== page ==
Thursday, 10 June 2004


In going where you have to go, and doing what you have to do, and seeing what you have to see, you dull and blunt the instrument you write with. But I would rather have it bent and dulled and know I had to put it on the grindstone and hammer it into shape and put a whetstone to it, and know that I had something to write about, than to have it bright and shining and nothing to say, or smooth and well-oiled in the closet, but unused.

Ernest Hemingway, preface to The First Forty-Nine Stories

Roused by seven o’clock sunlight, the morning is having an extended reprieve. It has been given extra time to prove itself, and secure a permanent place upon the face of the day’s clock. The hands are set in opposition to the length of my sleep and hour of my retirement, and it is more than just a little regrettable.

It feels as though ivy has scaled my face and mind, set root, and is preparing to undermine me. The hushed grey of sleep permeates the imperfections and crumbling brickwork of my awareness, burrowing into my cognitions and slowing all processes to its own steady, irrepressible growth.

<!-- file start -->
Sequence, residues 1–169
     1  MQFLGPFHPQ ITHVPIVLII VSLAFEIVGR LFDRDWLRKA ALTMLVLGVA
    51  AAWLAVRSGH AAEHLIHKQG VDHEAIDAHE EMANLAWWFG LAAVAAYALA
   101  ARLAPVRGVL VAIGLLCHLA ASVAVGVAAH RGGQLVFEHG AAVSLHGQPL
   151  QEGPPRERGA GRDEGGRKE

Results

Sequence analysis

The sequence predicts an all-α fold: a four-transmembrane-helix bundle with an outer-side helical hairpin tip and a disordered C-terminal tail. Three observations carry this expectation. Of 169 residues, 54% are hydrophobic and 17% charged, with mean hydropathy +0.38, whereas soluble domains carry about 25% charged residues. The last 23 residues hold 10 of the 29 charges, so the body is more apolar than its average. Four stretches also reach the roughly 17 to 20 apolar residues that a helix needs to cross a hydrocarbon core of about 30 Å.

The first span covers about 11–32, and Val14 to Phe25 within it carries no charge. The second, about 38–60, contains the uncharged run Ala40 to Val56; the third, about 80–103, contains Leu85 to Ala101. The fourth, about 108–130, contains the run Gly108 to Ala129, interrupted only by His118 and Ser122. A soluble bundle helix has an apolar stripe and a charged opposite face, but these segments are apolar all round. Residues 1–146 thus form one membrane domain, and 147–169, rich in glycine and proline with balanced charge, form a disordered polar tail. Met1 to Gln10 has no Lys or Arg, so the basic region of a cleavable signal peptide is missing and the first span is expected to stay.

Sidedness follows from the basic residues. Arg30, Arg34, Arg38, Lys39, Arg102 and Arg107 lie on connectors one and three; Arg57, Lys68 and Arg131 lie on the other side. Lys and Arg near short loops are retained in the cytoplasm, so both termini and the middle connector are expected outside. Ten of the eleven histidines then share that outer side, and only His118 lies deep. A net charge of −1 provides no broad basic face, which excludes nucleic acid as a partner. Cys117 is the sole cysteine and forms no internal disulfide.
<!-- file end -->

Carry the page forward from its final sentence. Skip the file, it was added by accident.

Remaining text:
Simultaneously however, it supports and justifies my awareness, cementing my mind’s purpose and providing a shaded purpose, easing me into the day’s meanderings, providing barriers, facilitating upwards motion. Not to mention perpetuating an awful metaphor. Let us not pretend that this is the first time.

(And let us also not forget that thought today is for the first time, there has been no before, and what comes afterwards will be little more than shadows and whispers, projected hopes and diluted ambitions.)

The caress of sleep both dulls and blunts me, but I take solace in the fact that at some future point, some future point full of vivacity and understanding, today’s rolling and clumsy and tired thoughts, will clarify, both in terms of themselves and their surroundings (situation/reason/influence).

They are hardly bright or shiny, nor well-oiled and smooth but they are indicative of a time that, viewed from outside, will seem as remote, inaccessible and distant as the outside seems now.

The minutes I endure now are my Forty-Nine Stories. At some point I hope to have a preface to accompany them.

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